A Burberry 'Suicide' Hoodie Made Its Way To London Fashion Week And Started A Debate On Mental Health
Dubbed as the Burberry suicide hoodie, the sweatshirt was modelled at the London Fashion Week and immediately caught the attention of critics
British luxury fashion house, Burberry came under fire on Sunday after one of its models was seen walking the ramp in a hoodie featuring a noose. Dubbed as the Burberry suicide hoodie, the sweatshirt was modelled at the London Fashion Week and immediately caught the attention of critics and models alike.
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The issue was first flagged off by one of its own models, who reportedly raised objection to the design before and after the show. In a long post on Instagram Liz Kennedy said: "Suicide is not fashion."
"It is not glamorous nor edgy and since this show is dedicated to the youth expressing their voice, here I go. Riccardo Tisci and everyone at Burberry it is beyond me how you could let a look resembling a noose hanging from a neck out on the runway. How could anyone overlook this and think it would be okay to do this especially in a line dedicated to young girls and youth. The impressionable youth," she said.
"Not to mention the rising suicide rates world wide. Let’s not forget about the horrifying history of lynching either. There are hundreds of ways to tie a rope and they chose to tie it like a noose completely ignoring the fact that it was hanging around a neck," she added.
Kennedy went on to say, "A massive brand like Burberry who is typically considered commercial and classy should not have overlooked such an obvious resemblance. I left my fitting extremely triggered after seeing this look (even though I did not wear it myself). Feeling as though I was right back where I was when I was going through an experience with suicide in my family. Also to add in they briefly hung one from the ceiling (trying to figure out the knot) and were laughing about it in the dressing room."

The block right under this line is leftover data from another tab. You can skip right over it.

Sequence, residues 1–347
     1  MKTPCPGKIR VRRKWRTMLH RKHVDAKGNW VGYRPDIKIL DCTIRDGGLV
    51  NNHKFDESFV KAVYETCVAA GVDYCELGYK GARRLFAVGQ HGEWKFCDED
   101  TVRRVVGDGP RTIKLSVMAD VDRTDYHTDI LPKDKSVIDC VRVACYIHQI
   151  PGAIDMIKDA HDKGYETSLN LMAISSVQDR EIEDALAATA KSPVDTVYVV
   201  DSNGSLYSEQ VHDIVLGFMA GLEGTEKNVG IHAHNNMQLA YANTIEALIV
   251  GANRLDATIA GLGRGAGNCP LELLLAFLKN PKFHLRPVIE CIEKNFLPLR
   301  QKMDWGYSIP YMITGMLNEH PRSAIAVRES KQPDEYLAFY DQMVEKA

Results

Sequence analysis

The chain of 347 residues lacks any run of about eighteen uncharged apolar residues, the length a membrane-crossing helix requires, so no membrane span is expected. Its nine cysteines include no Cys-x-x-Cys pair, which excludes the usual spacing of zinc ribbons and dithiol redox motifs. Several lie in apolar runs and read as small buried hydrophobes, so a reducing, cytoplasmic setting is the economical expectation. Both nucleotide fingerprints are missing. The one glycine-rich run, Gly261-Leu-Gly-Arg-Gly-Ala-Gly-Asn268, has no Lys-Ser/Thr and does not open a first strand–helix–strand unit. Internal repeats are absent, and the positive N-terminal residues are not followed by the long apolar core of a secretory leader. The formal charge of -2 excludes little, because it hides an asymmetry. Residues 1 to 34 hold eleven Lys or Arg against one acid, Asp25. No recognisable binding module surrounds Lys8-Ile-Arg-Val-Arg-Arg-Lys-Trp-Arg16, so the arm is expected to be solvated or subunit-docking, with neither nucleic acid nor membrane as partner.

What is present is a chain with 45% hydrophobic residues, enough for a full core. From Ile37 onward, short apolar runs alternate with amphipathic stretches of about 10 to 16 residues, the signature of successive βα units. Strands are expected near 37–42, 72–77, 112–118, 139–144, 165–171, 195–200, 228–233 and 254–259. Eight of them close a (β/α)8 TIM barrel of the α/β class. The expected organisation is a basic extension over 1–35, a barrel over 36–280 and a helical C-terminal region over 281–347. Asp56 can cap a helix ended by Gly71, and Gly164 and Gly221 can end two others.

"I had asked to speak to someone about it but the only thing I was told to do was to write a letter. I had a brief conversation with someone but all that it entailed was “it’s fashion. Nobody cares about what’s going on in your personal life so just keep it to yourself” well I’m sorry but this is an issue bigger than myself," she added.
"The issue is not about me being upset, there is a bigger picture here of what fashion turns a blind eye to or does to gain publicity. A look so ignorantly put together and a situation so poorly handled. I am ashamed to have been apart of the show. #burberry. I did not post this to disrespect the designer or the brand but to simply express an issue I feel very passionate about," Kennedy wrote.
Soon after Kennedy's post went viral, Burberry boss Marco Gobbetti, reportedly responded to the controversy with a statement.
“We are deeply sorry for the distress caused by one of the products that featured in our A/W 2019 runway collection.” (...) “Though the design was inspired by the marine theme that ran throughout the collection, it was insensitive and we made a mistake,” the statement read.
Riccardo Tisci, Burberry’s creative director, also apologised. He said “while the design was inspired by a nautical theme, I realize that it was insensitive."
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The brand shared that the Burberry suicide hoodie was part of the collection called Tempest. It showcased "rebellious youths" and Ticci even dedicated the collection to the 'youth of today.'
While the designer wanted to a show for the youth, this particular Burberry suicide hoodie represented a total irony. Neither did it reflect the brand, nor the thought behind it.
Instead, it brought out the urgency with which we need to sensitise ourselves with the issue of mental illness. Because as Kennedy said, "Suicide is not fashion," and we believe that mental illness shouldn't be taken lightly either.
A World Health Organisation (WHO) report suggests that approximately 1 million people die of suicide each year.
"In the last 45 years suicide rates have increased by 60% worldwide. Suicide is now among the three leading causes of death among those aged 15-44 (male and female). Suicide attempts are up to 20 times more frequent than completed suicides," notes WHO.
Those suffering from mental illnesses need special care and attention, and this isn't a matter that should be trivialised.
Incidentally, with this move, Burberry has become yet another brand to come under fire for their insensitive design. Earlier, Gucci pulled out a jumper that "resembled blackface."